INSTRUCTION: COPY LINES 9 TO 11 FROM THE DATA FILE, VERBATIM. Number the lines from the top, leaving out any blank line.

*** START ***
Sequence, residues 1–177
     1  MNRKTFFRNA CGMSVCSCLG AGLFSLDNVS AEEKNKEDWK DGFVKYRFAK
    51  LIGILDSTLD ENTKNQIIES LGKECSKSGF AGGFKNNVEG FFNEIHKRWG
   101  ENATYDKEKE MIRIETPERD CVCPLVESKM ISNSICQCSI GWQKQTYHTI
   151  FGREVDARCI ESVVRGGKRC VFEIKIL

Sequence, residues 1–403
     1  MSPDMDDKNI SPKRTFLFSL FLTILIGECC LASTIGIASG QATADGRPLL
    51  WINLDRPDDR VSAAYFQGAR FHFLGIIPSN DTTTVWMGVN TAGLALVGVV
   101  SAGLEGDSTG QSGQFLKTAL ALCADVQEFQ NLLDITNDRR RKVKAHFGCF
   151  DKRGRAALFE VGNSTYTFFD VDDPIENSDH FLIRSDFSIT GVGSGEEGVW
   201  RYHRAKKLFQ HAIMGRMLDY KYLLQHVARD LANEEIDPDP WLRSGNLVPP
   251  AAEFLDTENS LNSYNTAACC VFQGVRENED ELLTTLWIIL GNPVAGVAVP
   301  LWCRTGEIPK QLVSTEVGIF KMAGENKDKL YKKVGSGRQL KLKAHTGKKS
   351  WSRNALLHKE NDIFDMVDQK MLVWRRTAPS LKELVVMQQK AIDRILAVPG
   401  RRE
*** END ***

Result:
   101  SAGLEGDSTG QSGQFLKTAL ALCADVQEFQ NLLDITNDRR RKVKAHFGCF
   151  DKRGRAALFE VGNSTYTFFD VDDPIENSDH FLIRSDFSIT GVGSGEEGVW
   201  RYHRAKKLFQ HAIMGRMLDY KYLLQHVARD LANEEIDPDP WLRSGNLVPP